Format

Send to

Choose Destination
See comment in PubMed Commons below
Clin Infect Dis. 2009 Feb 15;48(4):462-72. doi: 10.1086/596486.

Persistent minority K103N mutations among women exposed to single-dose nevirapine and virologic response to nonnucleoside reverse-transcriptase inhibitor-based therapy.

Author information

1
Empilweni Clinic, Coronation Women and Children Hospital, Johannesburg, South Africa.

Abstract

OBJECTIVE:

We investigated whether there are long-lasting effects of exposure to single-dose nevirapine (sdNVP) treatment on virologic response to nonnucleoside reverse-transcriptase inhibitor (NNRTI)-based therapy among human immunodeficiency virus (HIV)-infected women.

METHODS:

An observational epidemiologic study was conducted in Johannesburg, South Africa. Initial and sustained virologic response to NNRTI-based therapy was compared between 94 HIV-infected women who had received sdNVP 18-36 months earlier and 60 unexposed, HIV-infected women who had been pregnant 12-36 months earlier. Viral load was measured every 4 weeks up to week 24 and then every 12 weeks up to week 78. Time to viral suppression (viral load, <50 copies/mL) and confirmed rebound in the viral load (viral load, >400 copies/mL) were compared. Drug resistance was assessed using K103N allele-specific real-time polymerase chain reaction assay and population sequencing.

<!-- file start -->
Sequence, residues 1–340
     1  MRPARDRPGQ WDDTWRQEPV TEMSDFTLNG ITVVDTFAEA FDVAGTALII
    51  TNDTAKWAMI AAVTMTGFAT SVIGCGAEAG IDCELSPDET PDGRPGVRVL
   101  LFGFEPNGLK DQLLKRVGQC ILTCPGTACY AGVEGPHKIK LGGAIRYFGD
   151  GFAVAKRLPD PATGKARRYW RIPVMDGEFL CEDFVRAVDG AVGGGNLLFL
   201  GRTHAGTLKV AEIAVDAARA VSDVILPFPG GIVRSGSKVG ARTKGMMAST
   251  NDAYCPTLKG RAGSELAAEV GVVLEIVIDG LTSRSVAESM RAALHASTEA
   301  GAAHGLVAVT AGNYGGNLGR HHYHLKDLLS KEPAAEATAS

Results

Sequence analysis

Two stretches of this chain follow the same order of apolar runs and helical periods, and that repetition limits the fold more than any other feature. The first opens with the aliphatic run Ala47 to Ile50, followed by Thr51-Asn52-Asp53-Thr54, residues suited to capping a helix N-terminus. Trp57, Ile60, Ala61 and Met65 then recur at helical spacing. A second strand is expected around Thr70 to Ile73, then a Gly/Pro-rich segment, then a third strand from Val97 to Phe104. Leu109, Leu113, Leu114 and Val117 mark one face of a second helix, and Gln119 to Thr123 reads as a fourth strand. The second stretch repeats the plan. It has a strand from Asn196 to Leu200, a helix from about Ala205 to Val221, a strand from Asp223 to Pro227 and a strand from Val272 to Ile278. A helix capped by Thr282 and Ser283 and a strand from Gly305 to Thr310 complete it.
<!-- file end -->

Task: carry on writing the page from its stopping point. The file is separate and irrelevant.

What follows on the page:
RESULTS:

Almost all women (97.5% of sdNVP-exposed women and 91.3% of sdNVP-unexposed women; P = .21) achieved viral suppression by week 24, and similar percentages of sdNVP-exposed and -unexposed women (19.4% and 15.1%, respectively) experienced viral rebound within 78 weeks after treatment (P = .57). K103N was detected with the K103N allele-specific real-time polymerase chain reaction assay among sdNVP-exposed and -unexposed women before treatment; detection was strongly predictive of inadequate viral response: 60.9% of women for whom K103N was detected in either viral RNA or DNA did not experience viral suppression or experienced viral rebound, compared with 15.1% of women for whom K103N was not detected (P < .001). After treatment, the M184V mutation occurred less frequently among sdNVP-exposed women than among sdNVP-unexposed women, but the frequency of NNRTI-associated mutations was similar between these groups of women with inadequate virologic response.

CONCLUSIONS:

Exposure to sdNVP in the prior 18-36 months was not associated with a reduced likelihood of achieving and sustaining viral suppression while receiving NNRTI-based therapy. However, women with minority K103N mutations before treatment had a reduced durability of virologic suppression.

PMID:
19133804
PMCID:
PMC2810158
DOI:
10.1086/596486
[Indexed for MEDLINE]
Free PMC Article

Publication types, MeSH terms, Substances, Secondary source ID, Grant support

Publication types

MeSH terms

Substances

Secondary source ID

Grant support

PubMed Commons home

PubMed Commons

0 comments
How to join PubMed Commons

    Supplemental Content

    Full text links

    Icon for Silverchair Information Systems Icon for PubMed Central
    Loading ...
    Support Center